‘That’s all nonsense,’ said Dick, catching hold of him.
‘You put your swag down,’ said Caldigate, also catching hold of the other shoulder.
’What am I to put my swag down for? I’m a-going back to Nobble. Crinkett’ll give me work.’
‘You’re not going to leave us in that way,’ said Dick.
‘Stop and make the shaft straight,’ said Caldigate. The man looked irresolute. ‘Friends are not to part like that.’
‘Friends!’ said the poor fellow. ’Who’ll be friends to such a beast as I be? But I’ll stay out the month if you’ll find me my grub.’
’You shall have your grub and your money, too. Do you think we’ve forgotten the potatoes?’
‘—— the potatoes,’ said the man, bursting into tears. Then he chucked away his swag, and threw himself under the tent upon the straw. The next day he was making things as straight as he could down the shaft.
When they had been at work about five weeks there was a pole stuck into their heap of dirt, and on the top of the pole there was a little red flag flying. At about thirty feet from the surface, when they had already been obliged to insert transverse logs in the shaft to prevent the sides from falling in, they had come upon a kind of soil altogether different from the ordinary clay through which they had been working. There was a stratum of loose shingle or gravelly earth, running apparently in a sloping direction, taking the decline of the very slight hill on which their claim was situated. Mick, as soon as this was brought to light, became an altered man. The first bucket of this stuff that was pulled up was deposited by him separately, and he at once sat down to wash it. This he did in an open tin pan. Handful after handful he washed, shifting and teasing it about in the pan, and then he cast it out, always leaving some very small residuum. He was intent upon his business to a degree that Caldigate would have thought to be beyond the man’s nature. With extreme patience he went on washing handful after handful all the day, while the other two pulled up fresh buckets of the same stuff. He would not pause to eat, or hardly to talk. At last there came a loud exclamation. ‘By------, we’ve got it!’ Then Dick and Caldigate, stooping down, were shown four or five little specks in the angle of the pan’s bottom. Before the sun had set they had stuck up their little red flag, and a crowd of neighbours was standing round them asking questions as to their success.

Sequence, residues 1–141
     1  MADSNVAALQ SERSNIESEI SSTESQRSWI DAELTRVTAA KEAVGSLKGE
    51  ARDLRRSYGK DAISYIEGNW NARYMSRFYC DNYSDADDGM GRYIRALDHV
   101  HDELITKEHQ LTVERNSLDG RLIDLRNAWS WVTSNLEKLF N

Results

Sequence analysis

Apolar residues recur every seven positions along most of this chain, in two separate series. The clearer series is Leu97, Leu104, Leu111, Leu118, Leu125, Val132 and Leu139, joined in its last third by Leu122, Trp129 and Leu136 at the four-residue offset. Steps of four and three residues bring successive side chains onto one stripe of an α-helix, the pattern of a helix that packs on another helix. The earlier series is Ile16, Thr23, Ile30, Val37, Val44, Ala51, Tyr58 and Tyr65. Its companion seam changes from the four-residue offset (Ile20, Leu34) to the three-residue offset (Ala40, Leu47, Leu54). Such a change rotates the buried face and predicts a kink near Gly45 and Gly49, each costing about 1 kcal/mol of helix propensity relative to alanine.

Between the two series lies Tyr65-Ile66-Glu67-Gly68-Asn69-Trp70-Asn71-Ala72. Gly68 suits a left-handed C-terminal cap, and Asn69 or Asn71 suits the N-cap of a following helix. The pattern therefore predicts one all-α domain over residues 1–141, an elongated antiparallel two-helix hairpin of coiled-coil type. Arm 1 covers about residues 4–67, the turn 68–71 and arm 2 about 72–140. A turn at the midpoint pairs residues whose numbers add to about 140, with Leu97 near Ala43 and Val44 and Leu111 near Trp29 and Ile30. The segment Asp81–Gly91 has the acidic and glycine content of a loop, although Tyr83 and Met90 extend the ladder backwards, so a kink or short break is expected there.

After three days of successful washing, when it became apparent that a shed must be built, and that, if possible, some further labour must be hired, Mick said that he must go. ‘I ain’t earned nothing,’ he said, ’because of that bout, and I ain’t going to ask for nothing, but I can’t stand this any longer. I hope you’ll make your fortins.’ Then came the explanation.